A federal judge on Monday once again ordered the Interior Department (search) to pull the plug on most of its Internet connections, finding that the department still hasn't fixed computer security problems that could jeopardize millions of dollars in royalties for American Indians.

It is the third time that U.S. District Judge Royce Lamberth (search) has ordered the systems to be disconnected to protect oil, gas, timber and grazing royalties held in trust for the Indians.

Past Internet shutdowns have left the public unable to access information about popular national parks and monuments and made it difficult for Interior agencies to communicate with one another.

"The interest of the 300,000-plus current beneficiaries of the individual Indian trust outweigh the potential inconvenience of those parties that would otherwise have access to Interior's Internet services," Lamberth wrote.

The judge allowed all emergency systems, such as those that deal with law enforcement or fire fighting, to remain connected. The National Park Service and U.S. Geological Survey, and Interior's budget office, will also remain connected, since they convinced the court that they have fixed their lapses.

Lamberth said the move was necessary because the department refuses to work with Special Master Alan Balaran (search) to fix holes in the computer security, even though it admitted to the White House budget office and congressional auditors that it suffered from Internet security problems.

Interior Department spokesman Dan DuBray said department's attorneys had not had time to review Lamberth's decisions Monday because they were before the U.S. Court of Appeals for the District of Columbia Circuit arguing that Balaran is biased and should be removed from the case.

Lamberth on Monday rejected a similar request before him, saying the department's argument was "wholly insufficient." In the ruling ordering the shutdown, Lamberth noted how Balaran had sought repeatedly to work with Interior, but the department had refused.

"True to form, Interior will surely rail against this court for taking over the executive and unconstitutionally usurping power, etc., etc.," Lamberth wrote. "The feigned indignance of Interior aside, there is simply no other alternative."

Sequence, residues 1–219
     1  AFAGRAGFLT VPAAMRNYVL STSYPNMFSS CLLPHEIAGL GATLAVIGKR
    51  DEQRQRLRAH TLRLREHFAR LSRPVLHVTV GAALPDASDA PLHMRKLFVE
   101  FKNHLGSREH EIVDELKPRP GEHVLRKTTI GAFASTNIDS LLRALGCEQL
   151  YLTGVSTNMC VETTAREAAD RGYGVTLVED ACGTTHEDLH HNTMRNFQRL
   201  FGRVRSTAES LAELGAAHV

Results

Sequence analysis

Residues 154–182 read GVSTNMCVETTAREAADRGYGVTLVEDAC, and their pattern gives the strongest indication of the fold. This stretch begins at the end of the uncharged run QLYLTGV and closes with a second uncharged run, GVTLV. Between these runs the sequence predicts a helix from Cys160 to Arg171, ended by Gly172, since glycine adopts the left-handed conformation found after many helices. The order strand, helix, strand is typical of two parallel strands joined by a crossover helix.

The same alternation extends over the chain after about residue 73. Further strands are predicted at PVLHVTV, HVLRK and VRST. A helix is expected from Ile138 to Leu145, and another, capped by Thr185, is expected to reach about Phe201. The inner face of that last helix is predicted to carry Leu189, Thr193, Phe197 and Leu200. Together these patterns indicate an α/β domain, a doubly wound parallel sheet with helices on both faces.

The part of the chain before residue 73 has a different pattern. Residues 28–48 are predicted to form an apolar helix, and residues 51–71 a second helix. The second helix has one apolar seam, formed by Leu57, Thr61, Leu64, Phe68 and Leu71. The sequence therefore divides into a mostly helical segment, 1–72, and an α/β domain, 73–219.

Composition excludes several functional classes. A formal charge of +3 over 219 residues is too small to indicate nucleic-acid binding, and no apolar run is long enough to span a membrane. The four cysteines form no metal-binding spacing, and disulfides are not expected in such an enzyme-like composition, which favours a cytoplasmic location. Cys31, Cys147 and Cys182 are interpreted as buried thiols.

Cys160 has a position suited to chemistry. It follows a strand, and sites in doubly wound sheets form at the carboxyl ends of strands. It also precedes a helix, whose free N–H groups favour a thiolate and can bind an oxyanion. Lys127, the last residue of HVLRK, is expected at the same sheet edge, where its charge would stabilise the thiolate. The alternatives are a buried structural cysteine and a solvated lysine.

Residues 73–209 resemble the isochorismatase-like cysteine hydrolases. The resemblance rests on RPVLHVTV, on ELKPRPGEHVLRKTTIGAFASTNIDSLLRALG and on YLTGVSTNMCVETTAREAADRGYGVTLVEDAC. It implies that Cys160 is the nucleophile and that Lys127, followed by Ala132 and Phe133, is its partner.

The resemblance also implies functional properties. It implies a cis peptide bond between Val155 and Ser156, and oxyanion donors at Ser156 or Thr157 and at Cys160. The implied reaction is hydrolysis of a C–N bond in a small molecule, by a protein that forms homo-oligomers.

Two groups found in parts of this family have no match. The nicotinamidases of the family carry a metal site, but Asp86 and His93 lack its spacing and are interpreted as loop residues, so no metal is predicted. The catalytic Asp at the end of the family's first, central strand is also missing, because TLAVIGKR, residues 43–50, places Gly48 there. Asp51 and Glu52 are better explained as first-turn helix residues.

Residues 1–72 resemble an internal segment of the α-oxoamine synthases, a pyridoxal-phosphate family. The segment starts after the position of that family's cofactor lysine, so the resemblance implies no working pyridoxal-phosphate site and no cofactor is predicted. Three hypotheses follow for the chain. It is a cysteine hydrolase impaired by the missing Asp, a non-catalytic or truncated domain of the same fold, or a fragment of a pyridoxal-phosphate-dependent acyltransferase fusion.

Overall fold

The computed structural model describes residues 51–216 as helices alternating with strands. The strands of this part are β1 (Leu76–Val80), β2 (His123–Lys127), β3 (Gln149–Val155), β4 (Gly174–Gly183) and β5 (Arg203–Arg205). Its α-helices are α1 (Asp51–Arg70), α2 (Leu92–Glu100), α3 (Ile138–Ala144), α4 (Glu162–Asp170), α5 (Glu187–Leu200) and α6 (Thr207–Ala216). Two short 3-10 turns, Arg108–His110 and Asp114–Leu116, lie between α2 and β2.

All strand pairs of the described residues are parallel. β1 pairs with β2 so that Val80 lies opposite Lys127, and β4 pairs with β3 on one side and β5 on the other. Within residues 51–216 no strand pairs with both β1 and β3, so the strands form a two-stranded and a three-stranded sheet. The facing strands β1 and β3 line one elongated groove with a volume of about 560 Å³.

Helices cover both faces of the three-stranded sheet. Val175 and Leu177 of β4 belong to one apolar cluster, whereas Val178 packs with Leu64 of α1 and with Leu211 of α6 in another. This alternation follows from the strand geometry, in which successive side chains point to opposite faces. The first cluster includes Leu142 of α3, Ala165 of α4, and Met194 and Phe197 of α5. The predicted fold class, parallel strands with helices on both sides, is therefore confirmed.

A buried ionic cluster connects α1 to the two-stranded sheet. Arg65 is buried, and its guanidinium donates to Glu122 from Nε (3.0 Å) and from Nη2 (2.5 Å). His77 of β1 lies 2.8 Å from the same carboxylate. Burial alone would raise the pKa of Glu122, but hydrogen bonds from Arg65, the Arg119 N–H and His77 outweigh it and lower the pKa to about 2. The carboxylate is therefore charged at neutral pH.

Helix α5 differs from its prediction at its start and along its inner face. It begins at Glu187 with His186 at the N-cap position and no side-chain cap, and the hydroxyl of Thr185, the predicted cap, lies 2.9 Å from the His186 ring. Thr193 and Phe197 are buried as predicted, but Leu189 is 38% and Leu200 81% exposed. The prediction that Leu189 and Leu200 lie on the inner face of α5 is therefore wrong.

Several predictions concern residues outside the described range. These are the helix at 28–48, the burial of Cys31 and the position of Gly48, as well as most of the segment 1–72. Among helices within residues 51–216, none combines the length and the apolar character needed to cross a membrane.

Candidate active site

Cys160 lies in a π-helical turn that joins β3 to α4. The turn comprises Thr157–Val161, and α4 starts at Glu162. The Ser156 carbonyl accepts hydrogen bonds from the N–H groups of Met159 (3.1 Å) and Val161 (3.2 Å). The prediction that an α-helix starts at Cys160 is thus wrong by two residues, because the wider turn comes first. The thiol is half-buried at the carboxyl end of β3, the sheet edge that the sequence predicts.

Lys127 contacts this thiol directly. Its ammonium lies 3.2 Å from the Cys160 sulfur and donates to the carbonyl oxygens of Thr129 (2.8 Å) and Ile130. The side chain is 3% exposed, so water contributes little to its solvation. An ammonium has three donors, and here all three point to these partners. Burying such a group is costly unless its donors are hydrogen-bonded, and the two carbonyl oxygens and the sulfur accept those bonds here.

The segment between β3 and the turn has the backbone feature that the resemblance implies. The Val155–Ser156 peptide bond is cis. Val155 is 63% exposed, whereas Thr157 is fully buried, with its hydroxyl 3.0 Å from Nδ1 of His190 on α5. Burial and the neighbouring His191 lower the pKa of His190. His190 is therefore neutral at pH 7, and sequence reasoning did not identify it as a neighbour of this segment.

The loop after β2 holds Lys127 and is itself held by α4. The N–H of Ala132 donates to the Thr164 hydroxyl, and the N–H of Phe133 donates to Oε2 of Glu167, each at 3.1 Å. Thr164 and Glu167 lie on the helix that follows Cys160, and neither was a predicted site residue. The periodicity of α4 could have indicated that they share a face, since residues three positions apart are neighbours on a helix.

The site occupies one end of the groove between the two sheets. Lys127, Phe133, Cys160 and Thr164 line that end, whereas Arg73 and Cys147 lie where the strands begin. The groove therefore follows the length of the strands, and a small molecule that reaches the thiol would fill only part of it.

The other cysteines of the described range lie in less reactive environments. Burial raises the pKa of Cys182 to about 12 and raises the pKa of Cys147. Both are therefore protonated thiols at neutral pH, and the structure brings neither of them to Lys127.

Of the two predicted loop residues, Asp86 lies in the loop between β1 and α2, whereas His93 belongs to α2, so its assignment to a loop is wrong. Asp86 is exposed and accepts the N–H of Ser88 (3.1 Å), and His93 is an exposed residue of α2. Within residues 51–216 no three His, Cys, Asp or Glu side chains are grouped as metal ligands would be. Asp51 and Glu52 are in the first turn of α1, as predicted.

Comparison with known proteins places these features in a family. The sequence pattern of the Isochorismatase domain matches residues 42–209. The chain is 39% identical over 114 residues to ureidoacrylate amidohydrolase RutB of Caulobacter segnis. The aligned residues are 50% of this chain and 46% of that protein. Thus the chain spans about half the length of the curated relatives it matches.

Monday's decisions come in a suit filed on behalf of more than 300,000 American Indian landowners. The department was assigned in 1887 to manage royalties from lands held in trust for the Indians. But over time, the lands were poorly managed and money was squandered, stolen or never collected.

The Indians sued in 1996, demanding an accounting that had been ordered by Congress two years earlier. In 1999, Lamberth said the department must account for the money and repair its management flaws.

Since then, however, the case has bogged down in court fights and congressional maneuvering. Interior insists that just a few million dollars are owed to the Indian landowners. The Indians' attorneys contend it is likely tens of billions of dollars.

Lamberth first disconnected the systems in 2001, after Balaran determined that even a novice hacker could penetrate the security and access data for the Indian revenues. To prove his point, Balaran, working with the court, repeatedly penetrated the system's security and set up a bogus account in his name.

The judge ordered a second, limited shutdown last June, after the department first resisted Balaran's oversight.